5:30pm, RECEPTION & PROGRAM: $80 INDIVIDUAL | $150 COUPLE; PROGRAM ONLY: $25 ADVANCE | $30 DOOR
Join us for a reading featuring three Milwaukee poets: Ed Werstein, Thomas J. Erickson, and Mark Zimmermann, and to celebrate the publication of Mark Zimmermann's latest poetry collection, Impersonations (Pebblebrook Press, 2015).
Despite being a life-long consumer of poetry, Ed Werstein spent 22 years in manufacturing and union activity before his muse awoke and dragged herself out of bed. His sympathies lie with poor and working people. He advocates for peace and against corporate power. A member of the Wisconsin Fellowship of Poets and The Hartford Avenue Poets, his poetry has appeared in Verse Wisconsin, Blue Collar Review, Mobius: Journal of Social Change, Stoneboat, and a few other publications. His first chapbook, Who Are We Then?, was published in 2013 by Partisan Press. â€‹Find more of Ed Werstein's poetry on the Woodland Pattern blog.
â€‹Thomas J. Erickson grew up in Kohler, Wisconsin. He received a BA from Beloit College in English Composition and a law degree from Marquette University. His poems have appeared in numerous publications including The Loâ€‹s Angeles Review, Quiddity International Literary Review, Mad Poet’s Review, The New Poet, and Slant. His chapbook, “The Lawyer Who Died in the Courthouse Bathroom” (Parallel Press of the University of Wisconsin Libraries) was awarded second place in the 2013 Wisconsin Fellowship of Poets Chapbook Contest. He is an attorney in Milwaukee where he is a member of the Hartford Avenue Poets.
Mark Zimmermann is a Wisconsin native and has degrees in English from the University of Wisconsin-Milwaukee. Between 1990 and 2004, he lived in Japan, the Netherlands, Hungary, and Poland, where he worked as a university instructor and freelance journalist/editor. He attributes a good part of his attraction to the lipogram’s linguistic constraints to his previous familiarity with somewhat similar limitations that he experienced as a second and third language user during those years abroad. Since his return to the United States, he has taught humanities and writing courses at the Milwaukee School of Engineering where he received the Johnson Controls Award for Teaching Excellence in 2013. He is also a member of the Hartford Avenue Poets and represents the Wisconsin Fellowship of Poets on the Wisconsin Poet Laureate Commission. His poetry has appeared in numerous journals and in the anthology Masquerades and Misdemeanors (Pebblebrook Press, 2013). Zimmermann lives in Milwaukee with his wife and two cats.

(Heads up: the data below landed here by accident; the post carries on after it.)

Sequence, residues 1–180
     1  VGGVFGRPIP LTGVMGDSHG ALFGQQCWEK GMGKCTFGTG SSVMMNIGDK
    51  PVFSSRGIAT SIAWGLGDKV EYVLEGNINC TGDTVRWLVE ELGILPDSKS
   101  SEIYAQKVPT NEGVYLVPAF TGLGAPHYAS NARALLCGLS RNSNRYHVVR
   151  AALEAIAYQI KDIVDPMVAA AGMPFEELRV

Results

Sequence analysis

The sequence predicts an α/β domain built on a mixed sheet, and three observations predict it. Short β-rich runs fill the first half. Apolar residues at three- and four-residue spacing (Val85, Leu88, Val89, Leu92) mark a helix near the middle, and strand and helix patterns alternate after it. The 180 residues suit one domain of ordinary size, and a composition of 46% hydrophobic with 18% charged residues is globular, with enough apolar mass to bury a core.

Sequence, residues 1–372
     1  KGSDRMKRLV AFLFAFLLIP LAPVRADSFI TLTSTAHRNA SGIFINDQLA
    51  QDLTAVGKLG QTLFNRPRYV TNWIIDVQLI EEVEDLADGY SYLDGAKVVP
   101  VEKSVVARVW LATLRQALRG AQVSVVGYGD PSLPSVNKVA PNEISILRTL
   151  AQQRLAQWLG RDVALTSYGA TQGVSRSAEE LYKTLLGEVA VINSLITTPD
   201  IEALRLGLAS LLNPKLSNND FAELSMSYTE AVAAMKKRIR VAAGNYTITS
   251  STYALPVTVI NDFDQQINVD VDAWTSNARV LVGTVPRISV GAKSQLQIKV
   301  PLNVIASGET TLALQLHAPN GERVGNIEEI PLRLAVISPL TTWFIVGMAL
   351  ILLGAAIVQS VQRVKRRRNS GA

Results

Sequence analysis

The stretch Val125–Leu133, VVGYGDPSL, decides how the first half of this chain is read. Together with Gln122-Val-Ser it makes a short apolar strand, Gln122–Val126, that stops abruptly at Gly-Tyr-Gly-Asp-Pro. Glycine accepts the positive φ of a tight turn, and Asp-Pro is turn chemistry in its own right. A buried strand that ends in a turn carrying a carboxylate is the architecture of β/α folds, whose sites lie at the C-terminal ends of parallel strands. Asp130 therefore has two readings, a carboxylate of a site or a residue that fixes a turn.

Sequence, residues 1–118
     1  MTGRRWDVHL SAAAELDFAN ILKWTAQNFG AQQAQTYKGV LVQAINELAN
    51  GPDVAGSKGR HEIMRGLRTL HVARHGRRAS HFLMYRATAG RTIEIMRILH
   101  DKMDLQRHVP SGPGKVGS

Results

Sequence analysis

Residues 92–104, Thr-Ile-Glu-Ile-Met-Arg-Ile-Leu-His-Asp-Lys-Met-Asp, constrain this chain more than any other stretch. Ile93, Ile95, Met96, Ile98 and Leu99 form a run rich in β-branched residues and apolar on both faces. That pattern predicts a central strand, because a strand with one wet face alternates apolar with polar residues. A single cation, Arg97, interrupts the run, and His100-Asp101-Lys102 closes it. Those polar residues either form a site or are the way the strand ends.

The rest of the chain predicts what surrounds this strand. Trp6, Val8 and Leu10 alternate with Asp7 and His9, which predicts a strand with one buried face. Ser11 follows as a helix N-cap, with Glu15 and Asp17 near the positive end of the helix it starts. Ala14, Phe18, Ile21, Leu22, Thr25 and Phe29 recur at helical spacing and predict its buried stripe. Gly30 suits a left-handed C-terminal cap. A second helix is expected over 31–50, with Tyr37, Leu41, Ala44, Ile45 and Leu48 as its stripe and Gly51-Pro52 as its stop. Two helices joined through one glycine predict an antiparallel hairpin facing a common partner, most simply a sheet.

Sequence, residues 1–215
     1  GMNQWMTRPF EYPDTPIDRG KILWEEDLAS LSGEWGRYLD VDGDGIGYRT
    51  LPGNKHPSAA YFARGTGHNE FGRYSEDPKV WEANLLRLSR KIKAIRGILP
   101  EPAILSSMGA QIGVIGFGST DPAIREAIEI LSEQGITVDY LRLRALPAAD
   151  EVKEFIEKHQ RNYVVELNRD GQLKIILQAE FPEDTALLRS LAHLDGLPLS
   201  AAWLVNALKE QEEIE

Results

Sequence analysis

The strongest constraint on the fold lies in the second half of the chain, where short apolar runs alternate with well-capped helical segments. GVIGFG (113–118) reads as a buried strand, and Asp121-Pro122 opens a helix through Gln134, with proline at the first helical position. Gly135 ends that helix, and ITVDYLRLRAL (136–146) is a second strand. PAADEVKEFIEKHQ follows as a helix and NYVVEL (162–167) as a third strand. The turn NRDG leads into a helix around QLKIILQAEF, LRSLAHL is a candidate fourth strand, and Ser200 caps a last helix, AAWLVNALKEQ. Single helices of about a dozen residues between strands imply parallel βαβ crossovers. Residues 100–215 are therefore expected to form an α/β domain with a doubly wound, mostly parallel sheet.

“I wish I'd had Mark Zimmermann’s poems when I was putting together the last edition of The Book of Forms—I would certainly have used one and included the form. Zimmermann has wit, a great deal of talent as a writer, a fine ear for the language, and the discipline that a poet needs to go with these ingredients.” —Lewis Turco, author of The Book of Forms
Mildred Ratched, RN
A talented criminal, he came
in decline and riled the men, created
ill attachment in a card dealer act,
then cheated them all.
He’ll need critical care. He’ll need
medicine. Let him remain
here in treatment.
I’ll handle him.
I mean it. Earlier, medicine had calmed
all the men here; in time it’ll calm him.
Add the electrical treatment
and I am certain:
In the end he’ll relent
and attain mental health.
To be a poet is not my ambition, it’s my way of being alone. —Fernando Pesson
From the pier
of the horizon
balances an ore boat
in two dimensions
My brother wrote
“Joe and Cindy 1991”
in the drying concrete
years before my sons
and I jumped
into the cold water
of late Summer
Now the lone line,
the low cool wind
in the northern sky
Soon she will be
boasting of her beauty
while the empty boat
slowly falls away.
The Way Philanthropy Works
At concerts in Rockefeller Center
sensitive ears can still hear the cries and wails
of the Ludlow miners
and their wives and children
slaughtered on the picket line in Colorado, 1914.
Without opening a book,
keen eyes can read
the lost lives of unschooled steel workers
on the facades of thousands of libraries,
part of the Carnegie bequest.
And who remembers
the abandoned artistic ambitions
of the aluminum smelters, the oil riggers,
and the bank tellers who labored
so the Mellon family could endow
the National Gallery of Art?